By: Karli Cozen
When a terminally-ill person with only a few months to live is experiencing great pain and suffering, shouldn’t the law empower them to end that suffering and die on their own terms?
The Supreme Court addressed the issue of physician-assisted suicide in Washington v. Glucksberg. In this 1997 case, the Supreme Court recognized that there is no constitutional right to physician-assisted suicide, but left the door open for state legislatures to enact laws on this matter.
Since that time, five states including Oregon, Washington, Vermont, Montana, and California, have passed “aid-in-dying” laws which permit physicians to help terminally ill patients end their lives under certain conditions. Additionally, countries around the world such as Canada and the Netherlands have legalized physician assisted death.
Most recently, the California End of Life Option Act went into effect on June 9, 2016. This law allows California residents over the age of eighteen who have a terminal illness with less than six months to live to request to their attending physician a prescription for an “aid in dying drug.” To be eligible under this act, the patient must be competent to make medical decisions for themselves and must be able to self-administer the medication.
Proponents of such bills argue that terminally-ill patients should have the right to end their pain and suffering and terminate their lives. People should have the autonomy to make a choice and to die with dignity.
Others view physician-assisted suicide in a negative light, stressing the physician’s oath to do no harm. Additionally, opponents fear that allowing physician-assisted death is a “slippery slope.” Outside pressures, may even compel vulnerable patients to choose physician-assisted suicide. In one instance, an insurance company denied coverage to a terminally ill woman, but offered payment for physician-assisted suicide. Additionally, over time, the requirement for physician assisted suicide may become less-stringent and more prone to abuse. Also, allowing physician-assisted suicide may change family relationships and society’s view of those with disabilities.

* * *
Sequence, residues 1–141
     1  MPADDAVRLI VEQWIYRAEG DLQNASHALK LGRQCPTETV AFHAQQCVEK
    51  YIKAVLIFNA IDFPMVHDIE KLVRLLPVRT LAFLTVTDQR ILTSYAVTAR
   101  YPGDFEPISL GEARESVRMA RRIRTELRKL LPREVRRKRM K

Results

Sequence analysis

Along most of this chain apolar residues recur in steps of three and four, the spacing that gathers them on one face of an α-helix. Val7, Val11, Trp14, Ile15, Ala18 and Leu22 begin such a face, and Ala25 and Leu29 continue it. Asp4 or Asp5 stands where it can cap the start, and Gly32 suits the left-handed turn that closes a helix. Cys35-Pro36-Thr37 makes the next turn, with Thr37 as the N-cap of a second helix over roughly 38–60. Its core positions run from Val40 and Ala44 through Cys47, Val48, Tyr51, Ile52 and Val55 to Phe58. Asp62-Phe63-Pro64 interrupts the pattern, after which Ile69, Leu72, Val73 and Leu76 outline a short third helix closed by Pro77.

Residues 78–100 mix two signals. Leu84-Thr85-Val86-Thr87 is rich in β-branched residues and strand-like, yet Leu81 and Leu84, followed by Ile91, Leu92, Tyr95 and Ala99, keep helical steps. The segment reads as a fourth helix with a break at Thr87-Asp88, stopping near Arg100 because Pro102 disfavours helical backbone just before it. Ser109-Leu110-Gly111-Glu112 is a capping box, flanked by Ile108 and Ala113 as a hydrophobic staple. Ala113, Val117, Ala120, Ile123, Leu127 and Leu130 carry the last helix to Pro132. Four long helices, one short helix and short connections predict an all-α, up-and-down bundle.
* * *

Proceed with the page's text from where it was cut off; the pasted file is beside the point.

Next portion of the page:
Legislatures today are confronted with the tough choice of whether to adopt such legislation. For instance, on Thursday, October 20, 2016, the New Jersey Assembly voted to approve the proposed “Aid in Dying Bill.” The bill must now pass through the Senate and gain approval by Governor Chris Christie before becoming law, but has the potential to make New Jersey the sixth state with an act permitting terminally ill patients to end their lives.
Both New Jersey and other states should enact laws allowing physician-assisted suicide for terminally-ill patients, with short prognoses, especially if they are suffering from pain. The alternative seems merciless and cruel.
People in this position are suffering and have been beaten down by a disease. They deserve to be empowered to end their lives on their own terms, empowered to beat the disease before it beats them, and empowered to die with dignity. Statutes can be carefully crafted to prevent abuse. For example, laws could ensure that the request for physician-assistance is truly voluntary, mandate that no statutes allow physician-assisted suicide for a prognosis of over six months or a prognosis with even a small chance of recovery, and ensure patients fully understand all pain management options. Without such statutes, however, patients die as victims of both a disease and the legislature, victimized by the inability to take control of their lives, in death, and to end their suffering on their own terms.